Is mahagathbandhan making way for state-level tie-ups for Lok Sabha polls?2 min read . Updated: 07 Jan 2019, 01:30 AM IST
SP-SP deal in Uttar Pradesh points to a higher probability of regional level tie-ups than a grand alliance
Mumbai: With the Samajwadi Party (SP) and Bahujan Samaj Party (BSP) close to finalizing their pre-poll alliance in Uttar Pradesh for the 2019 general elections, the probability of strategic state-level tie-ups seems to be higher than an anti-Bharatiya Janata Party (BJP) grand alliance at the national level.
In fact, a national model for state-level alliances instead of a “mahagathbandhan" seems to be emerging from other states as well.
Though the Congress, which has marginal presence in UP, is not part of the alliance, SP-BSP on Sunday said that they will not put up candidates in Amethi and Rae Bareli, the home turfs of Congress president Rahul Gandhi and his mother Sonia Gandhi. SP chief Akhilesh Yadav said on Sunday that details of seat-sharing with Mayawati-led BSP may be announced in a week, according to Press Trust of India. The SP and BSP are expected to contest 37 seats each, leaving 6 for smaller allies including 2 for Congress. UP has 80 Lok Sabha seats, out of which the BJP had won 71 on its own in 2014.
In Maharashtra, the Congress and Nationalist Congress Party (NCP) are set to formalize their pre-poll alliance, though both parties have not been able to address their differences over 8 key seats. Other anti-BJP parties such as Prakash Ambedkar’s Bharipa Bahujan Mahasangh, the Left parties and the All India Majlis-e-Ittehadul Muslimeen (AIMIM) are not yet part of the opposition alliance in Maharashtra.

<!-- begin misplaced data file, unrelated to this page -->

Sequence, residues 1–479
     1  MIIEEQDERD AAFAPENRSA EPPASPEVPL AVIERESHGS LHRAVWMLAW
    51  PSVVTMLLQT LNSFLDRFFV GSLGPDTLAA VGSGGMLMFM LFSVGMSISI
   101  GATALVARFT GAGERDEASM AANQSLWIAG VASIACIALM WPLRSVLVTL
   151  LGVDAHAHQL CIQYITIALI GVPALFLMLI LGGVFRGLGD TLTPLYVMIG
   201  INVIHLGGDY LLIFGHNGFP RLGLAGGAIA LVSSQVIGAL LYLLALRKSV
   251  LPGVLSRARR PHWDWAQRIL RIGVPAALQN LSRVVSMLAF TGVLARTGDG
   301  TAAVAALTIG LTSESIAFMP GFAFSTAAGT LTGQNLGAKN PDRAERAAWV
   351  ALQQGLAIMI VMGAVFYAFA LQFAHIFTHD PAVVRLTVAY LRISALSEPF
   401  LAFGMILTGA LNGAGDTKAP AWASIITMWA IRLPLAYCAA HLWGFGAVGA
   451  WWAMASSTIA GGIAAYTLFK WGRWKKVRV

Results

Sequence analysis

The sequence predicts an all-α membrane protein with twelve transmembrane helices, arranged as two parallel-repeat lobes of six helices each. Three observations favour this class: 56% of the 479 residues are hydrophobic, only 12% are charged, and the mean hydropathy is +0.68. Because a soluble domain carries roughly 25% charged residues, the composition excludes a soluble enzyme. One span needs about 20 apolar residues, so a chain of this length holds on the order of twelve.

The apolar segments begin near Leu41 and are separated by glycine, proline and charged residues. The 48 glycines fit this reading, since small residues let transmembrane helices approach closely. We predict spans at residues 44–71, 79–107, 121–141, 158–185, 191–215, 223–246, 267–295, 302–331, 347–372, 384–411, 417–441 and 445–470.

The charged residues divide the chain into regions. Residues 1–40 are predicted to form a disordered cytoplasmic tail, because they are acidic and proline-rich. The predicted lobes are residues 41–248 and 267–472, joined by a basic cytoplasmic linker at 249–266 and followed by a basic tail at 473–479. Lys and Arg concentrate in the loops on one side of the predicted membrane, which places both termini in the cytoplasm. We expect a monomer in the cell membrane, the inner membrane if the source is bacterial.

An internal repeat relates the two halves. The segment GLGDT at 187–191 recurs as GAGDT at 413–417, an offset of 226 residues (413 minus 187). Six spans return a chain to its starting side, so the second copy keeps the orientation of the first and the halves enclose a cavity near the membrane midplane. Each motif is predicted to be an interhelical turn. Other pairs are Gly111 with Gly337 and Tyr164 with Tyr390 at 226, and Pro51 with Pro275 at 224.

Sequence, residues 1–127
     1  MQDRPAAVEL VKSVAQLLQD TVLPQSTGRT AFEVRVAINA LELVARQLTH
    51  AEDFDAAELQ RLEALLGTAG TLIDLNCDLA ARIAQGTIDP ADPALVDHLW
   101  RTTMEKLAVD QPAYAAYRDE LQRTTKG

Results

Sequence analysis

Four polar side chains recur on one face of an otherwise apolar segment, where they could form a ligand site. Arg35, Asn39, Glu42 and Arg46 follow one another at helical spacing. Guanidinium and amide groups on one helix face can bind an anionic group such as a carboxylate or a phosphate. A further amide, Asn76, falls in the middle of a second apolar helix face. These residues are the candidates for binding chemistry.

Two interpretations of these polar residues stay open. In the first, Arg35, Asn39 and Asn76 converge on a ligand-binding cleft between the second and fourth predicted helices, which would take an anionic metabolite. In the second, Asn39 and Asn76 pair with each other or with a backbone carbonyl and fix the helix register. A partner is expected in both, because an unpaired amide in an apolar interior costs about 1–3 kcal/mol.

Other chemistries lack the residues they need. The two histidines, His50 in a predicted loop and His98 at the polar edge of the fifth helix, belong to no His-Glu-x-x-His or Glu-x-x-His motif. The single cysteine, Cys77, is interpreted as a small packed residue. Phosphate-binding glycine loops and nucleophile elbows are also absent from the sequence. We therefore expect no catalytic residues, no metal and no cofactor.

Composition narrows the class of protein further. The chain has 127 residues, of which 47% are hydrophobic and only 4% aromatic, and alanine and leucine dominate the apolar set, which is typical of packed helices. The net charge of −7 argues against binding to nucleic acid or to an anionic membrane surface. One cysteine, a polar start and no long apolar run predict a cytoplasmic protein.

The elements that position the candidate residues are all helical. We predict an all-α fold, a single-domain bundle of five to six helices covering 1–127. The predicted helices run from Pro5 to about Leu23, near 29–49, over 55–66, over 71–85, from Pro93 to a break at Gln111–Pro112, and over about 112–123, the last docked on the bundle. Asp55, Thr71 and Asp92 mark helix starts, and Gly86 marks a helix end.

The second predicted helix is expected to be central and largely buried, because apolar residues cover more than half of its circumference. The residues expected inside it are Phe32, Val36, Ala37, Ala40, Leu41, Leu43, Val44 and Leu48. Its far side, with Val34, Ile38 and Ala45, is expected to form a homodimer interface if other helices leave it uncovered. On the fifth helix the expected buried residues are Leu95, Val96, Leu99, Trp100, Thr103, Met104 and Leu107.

In Maharashtra, NCP chief Sharad Pawar and Congress president Rahul Gandhi met at least five times over the past few months. Several rounds of talks were also held between other senior leaders of both parties. State NCP chief Jayant Patil told reporters on Saturday that the two parties had reached consensus on 40 of the 48 seats and differences over the remaining seats would be resolved by Sunday. While the two parties are likely to settle for an equitable seat-sharing formula, smaller allies comprising anti-BJP parties are likely to be accommodated by the Congress and the NCP.
However, the Left, SP, and the BSP are not part of this alliance yet, while the Bharipa Bahujan Mahasangh and AIMIM have already announced a separate alliance. A couple of months ago, the NCP had suggested that Raj Thackeray’s Maharashtra Navnirman Sena (MNS) be made part of the alliance, since he had been very critical of the BJP and Prime Minister Narendra Modi. However, the Congress rejected it saying MNS’ school of politics did not sit well with the secular brand of politics.
The Shiv Sena, which is still part of the BJP-led NDA, despite being a bitter Modi critic, has so far rejected BJP’s overtures for a pre-poll alliance. It had also virtually ruled itself out of the anti-BJP dispensation in November 2018, when party chief Uddhav Thackeray visited Ayodhya and upped the ante for the construction of a Ram mandir. In fact, Maharashtra chief minister Devendra Fadnavis had promptly reminded the Shiv Sena that it had to ally with the BJP if it was committed to Hindutva.
Contours of this anti-BJP narrative and alliance are also likely to emerge out of an anti-BJP rally called by the Trinamool Congress (TMC) in Kolkata on 19 January. Though TMC supremo and West Bengal chief minister Mamata Banerjee will be the main protagonist at this rally, other prominent opposition leaders personally invited by Banerjee are likely to show up as well.